Firstly, agreed on due process. Due process is not having some officer of the investigating body authorising warrants, nor a minister or ministerial aide of whatever. Due process is a warrant issued by a court of law. Although the nature of a warrant hearing is such that the subject of the warrant doesn't normally get to hear of it when it's applied for and granted, only when its served, once it is served the subject should have a right to a hearing to challenge it if they think there are grounds for a challenge.

Secondly, but related to the first, the presumption of innocence is a fundamental part of law in a free society. An approach that seizes everyone's data first and decides what to do with it afterwards defies that presumption; it should not have been passed.

Thirdly, the jurisdiction of a country's law should stop at its borders. There are treaties which allow for the US or other country to go through proper channels to ask for access in the country where data is held and to get access which is in accordance with the host country's law on presentation of a proper case. The fact that they're not doing that suggests to me either ignorance of the channels available to them, arrogance that they think they can trample over other countries' legal systems, indolence in not being prepared to put in the work to prepare a case or, and I suspect that this is the real reason, they simply don't have a basis for preparing such a case.

Finally, the need for encryption is a necessity for transacting business over the internet. If a government doesn't want to allow it then it should say plainly that it also doesn't allow business to be transacted over the internet and see where that gets it. Otherwise those who advocate banning encryption should be prepared to put all their online banking and other e-commerce credentials etc in the public domain for a year before taking the matter further. It makes no sense to deny the public such facilities when the only effect it has on law breakers is to provide them with another law to break.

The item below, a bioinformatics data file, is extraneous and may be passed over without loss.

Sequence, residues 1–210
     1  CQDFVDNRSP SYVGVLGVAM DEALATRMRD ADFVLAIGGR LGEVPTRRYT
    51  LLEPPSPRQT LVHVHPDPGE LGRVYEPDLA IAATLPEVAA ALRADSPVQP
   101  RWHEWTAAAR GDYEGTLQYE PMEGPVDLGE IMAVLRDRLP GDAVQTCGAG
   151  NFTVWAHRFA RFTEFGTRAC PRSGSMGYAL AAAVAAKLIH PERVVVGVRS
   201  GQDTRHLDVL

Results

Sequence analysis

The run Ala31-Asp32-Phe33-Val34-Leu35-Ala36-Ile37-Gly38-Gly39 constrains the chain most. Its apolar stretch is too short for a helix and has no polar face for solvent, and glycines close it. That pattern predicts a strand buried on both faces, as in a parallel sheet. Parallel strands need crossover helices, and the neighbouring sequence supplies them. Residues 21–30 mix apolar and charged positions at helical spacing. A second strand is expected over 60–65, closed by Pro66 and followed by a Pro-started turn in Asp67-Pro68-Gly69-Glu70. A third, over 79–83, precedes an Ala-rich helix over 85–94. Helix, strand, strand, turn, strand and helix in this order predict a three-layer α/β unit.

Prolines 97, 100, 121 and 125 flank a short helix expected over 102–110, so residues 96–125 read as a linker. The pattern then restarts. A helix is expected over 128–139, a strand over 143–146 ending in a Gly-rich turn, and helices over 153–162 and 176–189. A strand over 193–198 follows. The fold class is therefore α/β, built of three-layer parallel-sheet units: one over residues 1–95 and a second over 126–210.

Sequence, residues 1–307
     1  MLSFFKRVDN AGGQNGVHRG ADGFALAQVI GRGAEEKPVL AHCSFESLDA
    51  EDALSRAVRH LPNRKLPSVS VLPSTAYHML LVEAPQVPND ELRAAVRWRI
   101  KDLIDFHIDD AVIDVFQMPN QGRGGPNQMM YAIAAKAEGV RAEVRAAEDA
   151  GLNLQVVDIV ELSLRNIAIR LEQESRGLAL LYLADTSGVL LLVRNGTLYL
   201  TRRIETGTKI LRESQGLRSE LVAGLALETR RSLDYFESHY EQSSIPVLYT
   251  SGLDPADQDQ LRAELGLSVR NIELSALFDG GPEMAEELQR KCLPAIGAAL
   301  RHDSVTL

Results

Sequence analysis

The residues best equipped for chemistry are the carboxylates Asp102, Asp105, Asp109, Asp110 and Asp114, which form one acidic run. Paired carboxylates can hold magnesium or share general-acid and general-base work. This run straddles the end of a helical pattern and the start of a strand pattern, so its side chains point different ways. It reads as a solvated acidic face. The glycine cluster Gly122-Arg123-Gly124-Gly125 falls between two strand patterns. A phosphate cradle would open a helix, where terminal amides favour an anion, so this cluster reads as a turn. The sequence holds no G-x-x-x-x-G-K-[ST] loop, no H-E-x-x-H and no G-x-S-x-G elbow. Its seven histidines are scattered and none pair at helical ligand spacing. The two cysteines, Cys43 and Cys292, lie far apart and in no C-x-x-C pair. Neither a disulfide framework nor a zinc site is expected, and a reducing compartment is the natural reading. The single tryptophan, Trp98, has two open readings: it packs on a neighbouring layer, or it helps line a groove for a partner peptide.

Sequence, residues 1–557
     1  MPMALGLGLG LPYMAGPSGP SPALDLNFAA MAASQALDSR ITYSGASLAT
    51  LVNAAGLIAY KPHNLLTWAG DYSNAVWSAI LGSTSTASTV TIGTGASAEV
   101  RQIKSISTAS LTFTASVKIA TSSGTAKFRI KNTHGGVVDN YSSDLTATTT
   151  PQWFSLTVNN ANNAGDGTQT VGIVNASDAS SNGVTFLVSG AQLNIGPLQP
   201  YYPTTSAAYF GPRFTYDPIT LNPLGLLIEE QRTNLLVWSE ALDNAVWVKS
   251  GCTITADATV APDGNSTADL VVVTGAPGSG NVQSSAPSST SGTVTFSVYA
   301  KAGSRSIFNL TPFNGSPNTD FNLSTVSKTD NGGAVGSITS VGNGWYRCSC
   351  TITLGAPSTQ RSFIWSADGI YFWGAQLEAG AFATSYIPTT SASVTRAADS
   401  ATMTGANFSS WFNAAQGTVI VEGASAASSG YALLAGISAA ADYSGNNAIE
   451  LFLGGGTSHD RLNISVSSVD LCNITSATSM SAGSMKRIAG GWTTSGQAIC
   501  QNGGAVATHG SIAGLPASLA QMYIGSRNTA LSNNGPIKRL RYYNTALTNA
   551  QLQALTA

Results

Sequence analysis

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Re: Yeah, but...

"What do you do?"

What you don't do is set up the arrangement you describe.

You could, for instance, have an arrangement where company A is a UK company, owned by UK shareholders and operates under UK law. It is a franchisee of company B. The franchise arrangement is also drawn up according to UK law. It includes strict terms that company B is not allowed to have access to data of company A's clients.

US government orders company B to break UK law.

Company B can't.

Drunk user blow-dried laptop after dog lifted its leg over the keyboard

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Re: Good on Jim Re dog

"A normally housetrained dog isn't suddenly going to take a piss on the boss's laptop"

A well trained dog, however...

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Re: Good on Jim

"The look I gave them when they asked if they could borrow my screwdrivers..."

Lost opportunity. You should have sold them a screwdriver. About £20 should be right.

(You can't) buy one now! The flying car makes its perennial return

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Re: Rotors "powered by the wind"

"A gyro is powered by its engine.... Kites are powered by the wind, and cannot fly without it."

And flying cars are powered by hot air.

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Re: Calories (or whatever measure of energy expenditure you prefer)

@Cuddles

In other words, measuring things properly is hard work. And a lot more fun than exercise.

Script kiddies pwn 1000s of Windows boxes using leaked NSA hack tools

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Forget the fact that these might be old versions of the OS. Forget the fact that they're not patched. Why are these idiots exposing SMB services on the open net?

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3. Don't even exist any more.